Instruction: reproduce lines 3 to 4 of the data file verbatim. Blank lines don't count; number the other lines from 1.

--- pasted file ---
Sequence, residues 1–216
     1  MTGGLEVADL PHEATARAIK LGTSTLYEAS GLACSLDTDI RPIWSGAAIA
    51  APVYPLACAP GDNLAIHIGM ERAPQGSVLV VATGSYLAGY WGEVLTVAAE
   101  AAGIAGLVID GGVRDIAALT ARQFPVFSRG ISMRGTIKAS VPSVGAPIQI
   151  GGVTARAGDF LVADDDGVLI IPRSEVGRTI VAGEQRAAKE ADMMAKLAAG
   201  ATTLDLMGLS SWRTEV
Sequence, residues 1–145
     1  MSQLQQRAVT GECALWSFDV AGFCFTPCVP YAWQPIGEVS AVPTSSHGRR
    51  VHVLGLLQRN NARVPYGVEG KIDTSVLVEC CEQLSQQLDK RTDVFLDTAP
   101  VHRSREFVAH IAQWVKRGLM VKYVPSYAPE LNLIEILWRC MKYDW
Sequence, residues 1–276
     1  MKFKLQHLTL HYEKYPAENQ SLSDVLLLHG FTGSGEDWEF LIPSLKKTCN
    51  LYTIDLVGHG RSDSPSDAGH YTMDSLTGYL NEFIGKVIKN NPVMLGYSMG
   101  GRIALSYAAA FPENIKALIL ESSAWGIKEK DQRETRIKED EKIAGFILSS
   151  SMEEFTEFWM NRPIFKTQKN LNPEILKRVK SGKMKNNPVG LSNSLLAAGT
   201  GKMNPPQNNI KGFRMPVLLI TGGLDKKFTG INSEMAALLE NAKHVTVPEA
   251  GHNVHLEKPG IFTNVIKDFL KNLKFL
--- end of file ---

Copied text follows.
    51  APVYPLACAP GDNLAIHIGM ERAPQGSVLV VATGSYLAGY WGEVLTVAAE
   101  AAGIAGLVID GGVRDIAALT ARQFPVFSRG ISMRGTIKAS VPSVGAPIQI